Family: Cactaceae
Habitat: South-central United States, Mexico, and the West Indies.
Cultivation: Not so difficult. Exposure to full sun, watering unfrequent, mild temperatures and a well draining soil will do well.
Curiosity: This names is made of the words “cylindro”, meaning cylindrical, and “Opuntia”, reminding to the similarities between cylindropuntias and opuntias.


Cylindropuntia is a genus of plants belonging to the family of Cactaceae. It was previously a subgenus of the more common Opuntia, but it’s been separated from it due to the cylindrical stems and the sheats of its spines, features both absent in Opuntias. It includes around 35 species of cacti, native to south-central United States, Mexico, and the West Indies.

Cylindropuntias are bushes or little trees, rather branched, reaching a maximum height of 10 meters. These plants are also commonly known as ‘Cholla’ – a term by which they are called in the places of its origin.

The habitat of most Cylindropuntias is the desert: in particular, in sandy or gravelly areas in arid plains. In such places, Cylindropuntia are numerous and stand out as the only tall, green plants, surrounded by low grasses which may remain brown and dry all over the year. In its natural habitat, the fruits are eaten by many birds and mammals, including deers, which are responsible of the spread of seeds.

Their stems are cylindrical or slightly flattened as if disk-shaped. Like the stems of Opuntias, they are divided into many segments. Their areoles are equipped with glochids. Glochids are hair-like spines, generally barbed, found on the areoles of cacti in the sub-family Opuntioideae. They remain attached in the skin after touching the plant, causing irritation upon contact. In some Opuntioidae, thus in some Opuntia and Cylindropuntia species, the tufts of glochids in the areoles nearly cover the stem surfaces.
The numerous, sheated glochids covering the stem give to it a silvery appearance.

The glochids, though being very annoying for us, are a really successfull evolutionary device for Cylindropuntias: in their natural environment, in facts, they can be so sticky to the animals hair that entire segments of the plant remain attached to it. The animals then transport the part of the plant with their movement until they manage to get rid of it: at that point it’s easy for the detatched segment to put roots in the new place and to form a new plant. Not every species of Cylindropuntias has glochids: a few of them possue normal spines, born by areolas located on the top of numerous tubercles. The stems, due to these tubercles, appear very lumpy in some species, such as C. bigeowii and C. whippley, though maintaining their overall cylindric, slender shape.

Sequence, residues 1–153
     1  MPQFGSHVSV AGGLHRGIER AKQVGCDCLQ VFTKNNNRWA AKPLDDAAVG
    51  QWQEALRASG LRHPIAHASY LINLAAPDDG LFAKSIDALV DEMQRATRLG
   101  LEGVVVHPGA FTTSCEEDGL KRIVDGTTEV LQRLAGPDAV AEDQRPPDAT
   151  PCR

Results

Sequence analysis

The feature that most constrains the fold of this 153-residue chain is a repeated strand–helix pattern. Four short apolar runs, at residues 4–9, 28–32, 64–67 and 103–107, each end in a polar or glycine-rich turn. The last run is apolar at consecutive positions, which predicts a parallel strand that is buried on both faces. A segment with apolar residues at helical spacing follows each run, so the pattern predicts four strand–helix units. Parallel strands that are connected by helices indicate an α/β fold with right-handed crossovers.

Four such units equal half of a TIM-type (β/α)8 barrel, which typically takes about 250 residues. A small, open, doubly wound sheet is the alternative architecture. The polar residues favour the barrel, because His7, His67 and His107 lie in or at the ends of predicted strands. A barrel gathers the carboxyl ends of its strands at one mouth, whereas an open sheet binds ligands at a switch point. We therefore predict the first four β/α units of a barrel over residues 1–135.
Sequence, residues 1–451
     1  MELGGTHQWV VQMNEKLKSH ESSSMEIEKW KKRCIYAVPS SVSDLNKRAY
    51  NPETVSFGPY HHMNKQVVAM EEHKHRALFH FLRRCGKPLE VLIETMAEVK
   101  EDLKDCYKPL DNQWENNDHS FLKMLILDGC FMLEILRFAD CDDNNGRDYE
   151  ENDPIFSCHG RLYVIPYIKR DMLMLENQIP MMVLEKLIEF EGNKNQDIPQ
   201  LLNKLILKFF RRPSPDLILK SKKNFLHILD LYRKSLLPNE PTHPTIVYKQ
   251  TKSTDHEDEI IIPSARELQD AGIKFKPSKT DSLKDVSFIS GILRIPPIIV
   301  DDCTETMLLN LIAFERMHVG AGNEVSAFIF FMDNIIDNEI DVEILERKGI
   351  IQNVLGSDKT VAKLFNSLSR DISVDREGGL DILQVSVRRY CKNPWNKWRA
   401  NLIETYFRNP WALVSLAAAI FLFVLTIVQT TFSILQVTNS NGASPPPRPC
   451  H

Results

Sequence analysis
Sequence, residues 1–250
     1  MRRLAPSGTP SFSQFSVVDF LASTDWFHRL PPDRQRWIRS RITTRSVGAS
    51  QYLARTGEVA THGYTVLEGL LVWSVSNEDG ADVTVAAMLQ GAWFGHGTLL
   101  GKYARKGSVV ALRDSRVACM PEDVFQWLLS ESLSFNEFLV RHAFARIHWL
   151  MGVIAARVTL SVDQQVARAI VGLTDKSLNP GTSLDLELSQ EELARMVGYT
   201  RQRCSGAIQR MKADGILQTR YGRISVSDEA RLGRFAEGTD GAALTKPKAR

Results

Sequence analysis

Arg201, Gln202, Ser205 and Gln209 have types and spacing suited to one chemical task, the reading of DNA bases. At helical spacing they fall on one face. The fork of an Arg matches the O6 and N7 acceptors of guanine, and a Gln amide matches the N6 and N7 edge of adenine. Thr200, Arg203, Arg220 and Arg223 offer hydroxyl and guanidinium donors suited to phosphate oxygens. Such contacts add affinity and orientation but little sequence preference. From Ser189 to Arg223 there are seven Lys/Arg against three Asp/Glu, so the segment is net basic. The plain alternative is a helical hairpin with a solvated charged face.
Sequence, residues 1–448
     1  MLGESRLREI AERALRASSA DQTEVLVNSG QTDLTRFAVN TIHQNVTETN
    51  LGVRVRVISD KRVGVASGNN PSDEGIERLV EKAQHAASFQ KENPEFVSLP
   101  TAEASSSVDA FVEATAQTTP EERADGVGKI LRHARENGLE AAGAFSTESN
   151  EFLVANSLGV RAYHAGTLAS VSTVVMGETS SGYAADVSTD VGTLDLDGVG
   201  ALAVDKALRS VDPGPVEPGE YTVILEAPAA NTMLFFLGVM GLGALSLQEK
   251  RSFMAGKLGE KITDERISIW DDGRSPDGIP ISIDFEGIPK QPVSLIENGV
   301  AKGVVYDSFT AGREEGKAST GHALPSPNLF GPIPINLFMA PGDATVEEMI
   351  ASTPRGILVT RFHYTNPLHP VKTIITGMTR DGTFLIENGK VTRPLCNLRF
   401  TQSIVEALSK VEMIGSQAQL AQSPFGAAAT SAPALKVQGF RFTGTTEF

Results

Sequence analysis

Flowers can show different colors depending on the species: from green, to yellow, red or purple. They end up to form almost spherical to cylindric fruits, usually fleshy but also dry in some species. The fruit can be equipped with small thorns and range from red, to green to yellow. They host small, yellowish to brown flattened seeds, with a maximum diameter of 5 millimeters.


Here below are the species of Cylindropuntia:

  • C. abyssi
  • C. acanthocarpa
  • C. alcahes
  • C. anteojoensis
  • C. arbuscula
  • C. bigelovii
  • C. californica
  • C. calmalliana
  • C. caribaea
  • C. cedrosensis
  • C. cholla
  • C. ×congesta
  • C. davisii
  • C. ×deserta
  • C. echinocarpa
  • C. ×fosbergii
  • C. fulgida
  • C. ganderi
  • C. imbricata
  • C. ×kelvinensis
  • C. leptocaulis
  • C. lindsayi
  • C. molesta
  • C. ×multigeniculata
  • C. munzii
  • C. ×neoarbuscula
  • C. prolifera
  • C. ramosissima
  • C. rosea
  • C. sanfelipensis
  • C. santamaria
  • C. spinosior
  • C. tesajo
  • C. ×tetracantha
  • C. thurberi
  • C. tunicata
  • C. versicolor
  • C. ×viridiflora
  • C. ×vivipara
  • C. whipplei
  • C. wolfii

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Cylindropuntias are very tough plants and thus easy to cultivate, perfect fpr beginners! Here are our cultivation tips:

  • Put it in a bright spot, exposed to direct sunlight.
  • It loves warm climates: it’s better to keep it indoors in winter as it cannot stand temperature below 8ºC
  • Water regularly in Summer and more sparingly in Autumn, to end up suspending any irrigation in Winter. Always wait for the soil to dry up completely before each watering
  • Use a well-draining substrate to host your Cylindropuntia: a standard soil for cacti will suit well.
  • Fertilization is rarely necessary: once a year during the spring will be sufficient, using a specific fertilizer for cacti.
  • Repotting will be necessary almost every year as this is a fast-growing plant.

Propagation can be carried out either through seeds and through cuttings. Cuttings easily put roots: leave them to dry for a few days and then plant them in a sandy substrate. It’s also possible to use the numerous offsets produced by this plant as propagules, by simply transplanting them where you want.

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